KINGPIN-s/t (Atomic Action, 7")
Kingpin were a band from Holliston, MA (about 30 miles southwest of Boston) and yours truly released their debut 7" Holding Tomorrow in 1991. After that, they recorded an EP that was originally supposed to be released on Redemption Records but it sat in the can for over 25 years. Heavy, melodic hardcore that took over part of the Boston area scene in the early 90s (see also: Eye For An Eye, Said and Done, Third Degree) and much of it hasn't held up particularly well. The four songs here show a lot of instrumental skill and finesse but it's the kind of hardcore that was far removed from any sort of punk influence. Instead, the songs are laborious and overwrought sounding. I hate to say it, but this is an era in Boston's hardcore history I'd kind of like to forget about. (

LAMOUR-Look To The Artist: 1978-1981 (Beach Impediment, LP)
Lamour--or L'Amour as it's spelled in the liner notes--were an early Richmond punk band who released one three song 7" in 1979. Those songs are here, along with demos that were recorded about a month before the 7" tracks and there's also a side of live material from 1984. This wasn't really a KBD-sounding band. Lamour's songs have more of a pub rock 'n roll sound and the demo songs have slightly more edge than their 7" counterparts.There's a snappy catchiness to "Sunglass Party." Still, this was more bar rock than punk. The live songs have them expanding the song lengths--three of them top the four minute mark--but there's not a lot of excitement, just something rather pedestrian that doesn't have a whole lot of grit. The album has its moments but I wouldn't say this falls into the "necessary reissue" category. (PO Box 26348, Richmond, VA 23260,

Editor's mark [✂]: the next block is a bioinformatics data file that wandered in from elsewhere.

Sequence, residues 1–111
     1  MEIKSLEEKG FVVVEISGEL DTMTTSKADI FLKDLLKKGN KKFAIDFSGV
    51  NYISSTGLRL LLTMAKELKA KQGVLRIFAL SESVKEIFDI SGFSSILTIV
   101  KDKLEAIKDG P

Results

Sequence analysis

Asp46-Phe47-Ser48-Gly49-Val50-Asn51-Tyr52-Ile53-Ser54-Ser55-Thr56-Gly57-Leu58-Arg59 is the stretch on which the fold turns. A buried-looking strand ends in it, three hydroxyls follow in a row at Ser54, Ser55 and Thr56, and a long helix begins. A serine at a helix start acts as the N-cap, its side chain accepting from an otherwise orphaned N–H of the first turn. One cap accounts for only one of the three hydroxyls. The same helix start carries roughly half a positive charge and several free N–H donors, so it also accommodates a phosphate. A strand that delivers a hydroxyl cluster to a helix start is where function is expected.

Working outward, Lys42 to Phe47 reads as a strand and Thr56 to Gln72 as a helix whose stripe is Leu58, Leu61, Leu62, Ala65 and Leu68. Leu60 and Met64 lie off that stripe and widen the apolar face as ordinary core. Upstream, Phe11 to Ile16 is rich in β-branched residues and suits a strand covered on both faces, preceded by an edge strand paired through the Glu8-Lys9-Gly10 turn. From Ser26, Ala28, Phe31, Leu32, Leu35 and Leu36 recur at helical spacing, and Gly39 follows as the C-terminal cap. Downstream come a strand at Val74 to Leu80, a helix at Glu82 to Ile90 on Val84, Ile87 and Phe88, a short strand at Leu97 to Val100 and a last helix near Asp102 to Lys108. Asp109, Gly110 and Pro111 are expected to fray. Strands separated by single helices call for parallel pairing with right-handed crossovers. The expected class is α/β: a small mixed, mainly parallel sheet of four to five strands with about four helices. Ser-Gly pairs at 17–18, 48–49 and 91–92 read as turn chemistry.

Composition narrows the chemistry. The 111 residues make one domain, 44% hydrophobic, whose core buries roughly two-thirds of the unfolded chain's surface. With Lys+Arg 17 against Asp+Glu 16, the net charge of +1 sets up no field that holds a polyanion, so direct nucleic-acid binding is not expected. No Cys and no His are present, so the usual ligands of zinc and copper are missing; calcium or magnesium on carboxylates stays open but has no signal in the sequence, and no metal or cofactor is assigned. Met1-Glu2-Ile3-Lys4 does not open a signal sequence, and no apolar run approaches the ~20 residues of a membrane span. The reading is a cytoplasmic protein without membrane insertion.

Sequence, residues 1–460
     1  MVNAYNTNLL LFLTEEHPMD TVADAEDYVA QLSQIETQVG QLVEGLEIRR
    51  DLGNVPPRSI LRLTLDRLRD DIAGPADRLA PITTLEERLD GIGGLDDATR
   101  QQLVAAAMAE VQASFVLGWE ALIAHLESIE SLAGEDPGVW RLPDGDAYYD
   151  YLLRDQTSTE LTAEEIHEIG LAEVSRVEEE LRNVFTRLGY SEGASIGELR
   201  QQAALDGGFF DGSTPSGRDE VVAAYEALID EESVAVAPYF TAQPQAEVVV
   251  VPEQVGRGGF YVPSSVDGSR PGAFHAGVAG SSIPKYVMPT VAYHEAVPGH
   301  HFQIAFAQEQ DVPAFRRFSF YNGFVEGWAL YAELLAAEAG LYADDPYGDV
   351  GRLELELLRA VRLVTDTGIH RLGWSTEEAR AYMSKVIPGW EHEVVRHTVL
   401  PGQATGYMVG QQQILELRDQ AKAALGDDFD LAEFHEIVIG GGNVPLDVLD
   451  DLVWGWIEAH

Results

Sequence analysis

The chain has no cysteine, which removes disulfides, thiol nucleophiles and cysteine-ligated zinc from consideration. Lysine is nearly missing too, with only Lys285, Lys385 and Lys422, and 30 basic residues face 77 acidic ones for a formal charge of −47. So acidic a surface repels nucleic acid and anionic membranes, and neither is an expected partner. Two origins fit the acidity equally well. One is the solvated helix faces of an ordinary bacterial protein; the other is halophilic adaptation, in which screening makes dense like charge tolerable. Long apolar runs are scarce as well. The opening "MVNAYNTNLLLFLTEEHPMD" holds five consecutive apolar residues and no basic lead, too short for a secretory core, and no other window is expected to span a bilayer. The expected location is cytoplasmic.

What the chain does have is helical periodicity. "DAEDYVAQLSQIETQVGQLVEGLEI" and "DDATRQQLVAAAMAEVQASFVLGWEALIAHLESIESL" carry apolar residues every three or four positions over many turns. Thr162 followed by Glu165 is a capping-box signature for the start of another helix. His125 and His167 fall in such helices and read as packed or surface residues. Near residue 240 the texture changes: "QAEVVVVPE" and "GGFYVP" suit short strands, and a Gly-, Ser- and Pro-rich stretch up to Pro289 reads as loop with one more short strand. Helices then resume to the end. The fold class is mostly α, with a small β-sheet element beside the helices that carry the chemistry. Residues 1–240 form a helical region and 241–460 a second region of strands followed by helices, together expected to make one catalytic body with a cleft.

MARBLED EYE-Leisure (Digital Regress, LP)
Marbled Eye operate in a similar realm as Institute in that there's an air of melancholy and detachment, both lyrically and vocally. One difference, though, is the enunciation is sharper i.e. neither vocalist sounds as though they're slurring their words. The songs are built on sublime chord progressions and changes that often add a subtle, sneaky hookiness. It's not somber music, though. The songs are sharp and energetic, melodic and muscular. Everything meshes perfectly, twin guitar lines swirling around each other, supported by a hard-hitting, rhythmic versatility. Some jarring post-punk moves here and there, particularly on "Isle," riding a Minutemen-meets-Burma crest. But, for the most part, the songs aren't herky-jerky. They have a steadier flow and will burn into your brain. A stellar album. (